Tensegrity sculpture printed on the Kobra Plus
Print & MP4: Andrew Sink

The Happy Tensegrity print by 3DPrintBunny was printed without any issues, and the part has all the articulation you would expect from a tensegrity print. These tensegrity prints are a great way to test out the ability of a slicer and a printer to handle a difficult model; the long individual contours that make up the flexible components of the print need to laminate to the rigid components, but also remain pliable enough to flex during movement.

The Anycubic Kobra Plus and Test Prints
The Anycubic Kobra Plus and Test Prints
©3DWithUs – Prints & Photo: Andrew Sink

Recording Time Lapse on Kobra Plus

Using the Frog model and printing on the Anycubic Kobra Plus, I enabled the timelapse functionality on the web app of the Beagleprint (review) and created a timelapse. This timelapse required additional hardware (LED light panels, a tripod for the camera, etc.), but the resulting video is smooth and looks like the type of professional timelapse most users will likely expect.

Timelapse created with Beagleprint, further edited and reversed in Ezgif
©3DWithUs – MP4: Andrew Sink

Conclusion

To sum up this review, the Anycubic Kobra Plus is a solid machine with lots of features that make it a great choice for a mid-size printer that offers a larger-than-average volume without taking up as much desk space as larger machines like the Anycubic Kobra Max. Ease-of-use improvements like the integrated tool drawer, dual Z threaded rods, and LeviQ automatic bed leveling help the Kobra Plus to rise above the competition.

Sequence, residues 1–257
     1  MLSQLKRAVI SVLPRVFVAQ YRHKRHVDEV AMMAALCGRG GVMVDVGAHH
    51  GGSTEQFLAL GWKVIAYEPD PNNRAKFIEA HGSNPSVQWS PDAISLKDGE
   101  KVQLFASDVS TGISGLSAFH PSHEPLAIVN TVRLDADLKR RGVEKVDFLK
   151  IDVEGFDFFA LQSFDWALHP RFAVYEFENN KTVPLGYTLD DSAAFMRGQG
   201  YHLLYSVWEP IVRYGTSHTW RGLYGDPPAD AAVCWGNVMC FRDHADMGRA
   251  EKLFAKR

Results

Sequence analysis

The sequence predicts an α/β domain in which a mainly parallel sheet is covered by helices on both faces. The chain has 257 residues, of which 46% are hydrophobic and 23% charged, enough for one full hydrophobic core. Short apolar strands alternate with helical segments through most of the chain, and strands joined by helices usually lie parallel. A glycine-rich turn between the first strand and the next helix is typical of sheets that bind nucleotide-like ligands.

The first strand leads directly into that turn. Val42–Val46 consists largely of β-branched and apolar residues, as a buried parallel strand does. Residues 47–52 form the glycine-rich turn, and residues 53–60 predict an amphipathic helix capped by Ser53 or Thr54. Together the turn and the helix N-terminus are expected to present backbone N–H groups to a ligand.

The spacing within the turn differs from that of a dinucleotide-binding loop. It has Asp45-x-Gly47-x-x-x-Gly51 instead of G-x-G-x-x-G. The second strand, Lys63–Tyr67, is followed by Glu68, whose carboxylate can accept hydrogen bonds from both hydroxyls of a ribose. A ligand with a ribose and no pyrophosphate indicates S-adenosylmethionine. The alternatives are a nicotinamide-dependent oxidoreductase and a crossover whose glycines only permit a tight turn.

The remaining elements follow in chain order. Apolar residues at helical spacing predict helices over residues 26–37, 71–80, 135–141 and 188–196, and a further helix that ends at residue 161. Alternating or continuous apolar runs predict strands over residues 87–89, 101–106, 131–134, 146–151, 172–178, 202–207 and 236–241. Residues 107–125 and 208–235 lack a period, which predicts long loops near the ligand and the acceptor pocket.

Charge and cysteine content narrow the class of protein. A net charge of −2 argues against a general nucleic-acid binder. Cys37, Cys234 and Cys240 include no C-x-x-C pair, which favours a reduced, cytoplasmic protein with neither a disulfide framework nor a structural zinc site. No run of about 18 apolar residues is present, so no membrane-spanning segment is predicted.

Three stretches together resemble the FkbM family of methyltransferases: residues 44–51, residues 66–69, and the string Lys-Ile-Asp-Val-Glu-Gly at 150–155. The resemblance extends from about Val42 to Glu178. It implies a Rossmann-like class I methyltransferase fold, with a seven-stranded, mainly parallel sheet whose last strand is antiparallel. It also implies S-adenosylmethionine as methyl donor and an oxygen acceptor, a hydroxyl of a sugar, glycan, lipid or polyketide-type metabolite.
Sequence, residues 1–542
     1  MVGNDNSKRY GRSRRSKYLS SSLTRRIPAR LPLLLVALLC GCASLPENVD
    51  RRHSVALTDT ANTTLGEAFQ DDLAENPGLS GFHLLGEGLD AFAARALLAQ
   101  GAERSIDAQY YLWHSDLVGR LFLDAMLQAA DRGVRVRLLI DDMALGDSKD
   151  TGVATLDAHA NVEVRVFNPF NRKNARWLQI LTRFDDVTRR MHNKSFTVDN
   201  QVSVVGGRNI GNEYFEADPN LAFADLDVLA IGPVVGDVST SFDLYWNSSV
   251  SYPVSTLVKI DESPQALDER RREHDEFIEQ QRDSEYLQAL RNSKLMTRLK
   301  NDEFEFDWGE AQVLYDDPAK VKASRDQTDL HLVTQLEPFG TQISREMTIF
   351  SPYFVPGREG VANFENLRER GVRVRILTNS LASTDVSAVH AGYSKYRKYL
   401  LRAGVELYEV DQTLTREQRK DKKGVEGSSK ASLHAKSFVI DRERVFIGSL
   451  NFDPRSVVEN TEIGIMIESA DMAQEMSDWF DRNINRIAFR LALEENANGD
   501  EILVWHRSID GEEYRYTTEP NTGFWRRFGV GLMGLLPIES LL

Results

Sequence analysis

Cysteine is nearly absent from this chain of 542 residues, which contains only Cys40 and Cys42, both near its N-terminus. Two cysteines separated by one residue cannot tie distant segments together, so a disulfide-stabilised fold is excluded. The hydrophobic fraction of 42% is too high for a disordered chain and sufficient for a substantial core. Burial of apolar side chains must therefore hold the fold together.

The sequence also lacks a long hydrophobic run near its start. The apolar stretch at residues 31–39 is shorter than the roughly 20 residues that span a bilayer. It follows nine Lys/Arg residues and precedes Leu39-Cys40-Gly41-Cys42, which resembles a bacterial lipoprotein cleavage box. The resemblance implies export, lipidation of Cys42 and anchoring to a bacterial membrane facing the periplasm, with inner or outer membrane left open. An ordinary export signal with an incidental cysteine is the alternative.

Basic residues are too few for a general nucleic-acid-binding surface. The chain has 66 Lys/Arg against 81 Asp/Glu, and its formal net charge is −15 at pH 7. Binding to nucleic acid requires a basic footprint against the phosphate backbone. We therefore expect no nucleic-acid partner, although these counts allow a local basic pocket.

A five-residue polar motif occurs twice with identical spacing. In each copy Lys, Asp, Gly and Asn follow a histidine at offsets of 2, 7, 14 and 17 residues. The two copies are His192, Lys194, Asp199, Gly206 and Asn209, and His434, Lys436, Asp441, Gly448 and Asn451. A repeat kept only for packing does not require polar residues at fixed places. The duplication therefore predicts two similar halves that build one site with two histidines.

Anycubic Kobra, Anycubic Kobra Plus, and Anycubic Kobra Max Comparison

Anycubic has released three printers in the Kobra line: the Anycubic Kobra, the Anycubic Kobra Plus, and the Anycubic Kobra Max. Please compare the machines in the table below.

Anicubic Kobra, Kobra Plus and Kobra Max Comparison Table
Anicubic Kobra Series Comparison Table

The Kobra stands alone as the sole direct-drive machine in the lineup with a PEI spring steel build platform, while both the Kobra Plus and the Kobra Max use a Bowden style extruder with a Carborundum glass build platform and the LeviQ 25 point automatic bed leveling system. The relatively low price of the Kobra ($299) makes it an ideal machine for lower volume applications, while the more expensive Kobra Plus and Kobra Max are targeted at high-throughput and large volume applications. The Kobra Plus and Kobra Max also utilize higher-wattage power supplies, which are able to heat the large build platform more quickly and evenly. All three printers include TMC2209 silent stepper drivers, which make them ideal for anyone who is concerned with the amount of noise generated by the printer during operation.

Anycubic Kobra Plus
Amazon
Official Website

Anycubic Kobra Plus Star Rating
4.5

Review Summary

The Anycubic Kobra Plus is the middle child of the new Kobra line of printers. The Kobra Plus is designed with the prosumer market in mind, and shares many of the same features found on the larger and more expensive Kobra machine in this series. During testing, the Kobra Plus provided impressive results without any mechanical hiccups or issues, and the overall experience from unboxing and assembling to removing prints was quick and easy.

The 350W power supply, large build volume, LeviQ automatic bed leveling system and more come together to make the Kobra Plus an appealing option for anyone interested in a prosumer filament 3D printer without the typical prosumer price.

PROS:
– LeviQ automatic bed leveling system works perfectly, even on the full build volume
– 350W PSU heats bed and nozzle up quickly
– Large color LCD is easy to read and use during printing
– Silent stepper drivers and quiet fans keep noise to a minimum

CONS:
– Cura profile needs adjustment
– Lackluster test model